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Google: New Auto-Driving Minivans to be Released at the End of January 2017

Jan 12, 2017 10:57 AM EST

Google's self-driving startup Waymo may hold the key to true automated driving. Its conception late last year has finally had one of its first plans to fruition: to deploy its new fleet of self-driving Chrysler Pacifica minivans onto the public for the first time at the end of January.

According to the Verge, this big announcement was told in the North American International Auto Show today.

The vehicles will be touring Mountain View, California, and Phoenix, Arizona, where the company's elf-driving Lexus SUVs have already driven for thousands and thousands of miles for the past few years.

Now, Waymo has given the public its first-ever look at the self-driving Pacificas. Verge says this has been under wraps since the deal between the tech giant and Fiat Chrysler has been announced way back in May 2016.

However, perhaps the most special thing about the minivans was that for the first time, Waymo is completely producing all the technology for these cars. This means the tech that allows the cars to automatically drive themselves are produced in-house.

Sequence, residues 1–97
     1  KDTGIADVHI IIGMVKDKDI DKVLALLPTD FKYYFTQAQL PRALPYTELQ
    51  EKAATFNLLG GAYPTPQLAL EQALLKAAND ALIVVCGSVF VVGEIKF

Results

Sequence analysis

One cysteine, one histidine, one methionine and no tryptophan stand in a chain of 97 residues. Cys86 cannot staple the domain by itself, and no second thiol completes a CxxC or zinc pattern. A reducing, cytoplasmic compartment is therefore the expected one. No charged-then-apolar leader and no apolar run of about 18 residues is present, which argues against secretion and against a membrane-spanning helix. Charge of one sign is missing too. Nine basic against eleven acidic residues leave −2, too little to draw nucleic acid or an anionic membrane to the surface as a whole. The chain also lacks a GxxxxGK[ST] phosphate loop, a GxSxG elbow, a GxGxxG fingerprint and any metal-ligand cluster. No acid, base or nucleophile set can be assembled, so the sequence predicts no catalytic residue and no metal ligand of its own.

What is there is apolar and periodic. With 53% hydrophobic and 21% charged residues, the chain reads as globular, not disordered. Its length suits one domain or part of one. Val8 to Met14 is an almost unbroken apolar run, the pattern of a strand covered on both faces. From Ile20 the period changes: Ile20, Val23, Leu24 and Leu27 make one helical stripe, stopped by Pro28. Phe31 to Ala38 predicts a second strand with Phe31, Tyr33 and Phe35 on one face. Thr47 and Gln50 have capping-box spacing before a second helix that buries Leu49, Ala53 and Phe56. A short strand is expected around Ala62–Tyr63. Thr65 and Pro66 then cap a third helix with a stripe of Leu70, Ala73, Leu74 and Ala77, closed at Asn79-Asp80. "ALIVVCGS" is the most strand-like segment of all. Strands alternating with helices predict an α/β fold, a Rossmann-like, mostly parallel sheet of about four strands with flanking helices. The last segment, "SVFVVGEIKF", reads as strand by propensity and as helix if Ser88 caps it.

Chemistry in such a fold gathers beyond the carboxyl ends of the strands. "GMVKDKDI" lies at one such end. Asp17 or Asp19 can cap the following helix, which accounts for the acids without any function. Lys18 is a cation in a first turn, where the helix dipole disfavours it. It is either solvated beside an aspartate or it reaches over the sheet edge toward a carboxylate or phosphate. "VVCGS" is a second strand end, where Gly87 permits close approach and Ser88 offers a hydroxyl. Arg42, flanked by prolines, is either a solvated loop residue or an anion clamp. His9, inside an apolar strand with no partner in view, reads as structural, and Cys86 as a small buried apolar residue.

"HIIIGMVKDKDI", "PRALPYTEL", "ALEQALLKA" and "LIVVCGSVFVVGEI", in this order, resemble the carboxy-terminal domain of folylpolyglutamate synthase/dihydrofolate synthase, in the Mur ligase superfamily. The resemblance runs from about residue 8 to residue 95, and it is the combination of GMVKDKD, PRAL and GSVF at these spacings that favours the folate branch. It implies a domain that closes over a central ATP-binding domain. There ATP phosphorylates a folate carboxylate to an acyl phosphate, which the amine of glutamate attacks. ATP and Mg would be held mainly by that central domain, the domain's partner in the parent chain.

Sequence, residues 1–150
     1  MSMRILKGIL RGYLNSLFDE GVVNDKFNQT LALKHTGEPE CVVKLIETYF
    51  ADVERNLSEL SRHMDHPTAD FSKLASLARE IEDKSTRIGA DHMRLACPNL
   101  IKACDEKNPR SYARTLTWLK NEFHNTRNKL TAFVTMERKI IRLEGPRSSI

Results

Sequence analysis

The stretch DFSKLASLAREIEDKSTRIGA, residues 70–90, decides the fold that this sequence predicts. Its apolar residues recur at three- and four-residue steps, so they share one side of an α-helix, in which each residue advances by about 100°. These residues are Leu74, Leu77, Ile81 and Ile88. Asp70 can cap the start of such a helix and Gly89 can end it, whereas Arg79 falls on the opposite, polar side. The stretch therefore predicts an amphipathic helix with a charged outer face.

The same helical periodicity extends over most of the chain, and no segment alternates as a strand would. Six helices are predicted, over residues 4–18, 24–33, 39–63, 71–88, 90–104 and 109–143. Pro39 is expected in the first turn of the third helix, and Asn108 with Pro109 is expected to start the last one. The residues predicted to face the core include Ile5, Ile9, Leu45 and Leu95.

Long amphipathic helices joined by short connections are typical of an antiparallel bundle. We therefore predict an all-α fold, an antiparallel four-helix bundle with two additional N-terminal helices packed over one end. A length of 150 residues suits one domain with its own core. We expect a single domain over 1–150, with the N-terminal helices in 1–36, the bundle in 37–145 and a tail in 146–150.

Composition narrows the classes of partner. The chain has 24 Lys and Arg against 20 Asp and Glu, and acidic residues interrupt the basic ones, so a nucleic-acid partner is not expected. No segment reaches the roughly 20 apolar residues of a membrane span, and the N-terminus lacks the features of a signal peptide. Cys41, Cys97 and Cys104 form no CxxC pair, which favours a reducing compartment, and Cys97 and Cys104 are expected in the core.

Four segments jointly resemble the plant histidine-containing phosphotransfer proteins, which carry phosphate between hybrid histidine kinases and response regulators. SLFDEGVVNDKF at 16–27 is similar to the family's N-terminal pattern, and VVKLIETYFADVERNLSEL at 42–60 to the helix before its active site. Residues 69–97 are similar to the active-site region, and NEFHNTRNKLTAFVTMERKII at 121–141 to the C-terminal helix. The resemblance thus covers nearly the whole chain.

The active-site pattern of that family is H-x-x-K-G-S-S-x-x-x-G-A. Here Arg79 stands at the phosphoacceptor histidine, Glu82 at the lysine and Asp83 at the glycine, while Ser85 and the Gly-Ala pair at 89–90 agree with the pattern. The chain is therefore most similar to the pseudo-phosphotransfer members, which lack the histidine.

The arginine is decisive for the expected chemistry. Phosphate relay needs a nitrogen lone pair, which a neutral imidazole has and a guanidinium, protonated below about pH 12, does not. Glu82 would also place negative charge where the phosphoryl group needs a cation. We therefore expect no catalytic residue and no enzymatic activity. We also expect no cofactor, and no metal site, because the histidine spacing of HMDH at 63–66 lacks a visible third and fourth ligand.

According to Recode, for the first time, Google is now building its own cameras, sensors and even mapping technology. This can cut costs by not purchasing anything off the shelves, as it had done in the past.

This allows the company to exert more control over its self-driving hardware, and even bring the cost down to ridiculously cheap levels. Waymo CEO John Krafcik said in a speech in Detroit that the company was even able to remove 90 percent of costs by making its own LIDAR sensors; meaning sensors that Google purchases for $75,000 back in 2009 now cost $7,500 since Waymo is building it themselves.

Of course, the cost for LIDAR sensors, even hi-end ones, have dropped a lot through the years. For instance Velodyne, a top supplier for LIDAR, retails its sensors for $7,999. However, if Waymo builds its own LIDAR sensors, they are able to get it to the specs they need. For instance, they now have two new types of LIDAR, long-range and short-range, allowing the vehicles to see objects close and far from the car.

However, Waymo appears to have no interest in becoming an auto parts supplier like 3M and Delphi. It looks like it's more interested in becoming partners with OEMs or original equipment manufacturers like Chrysler and Honda. 

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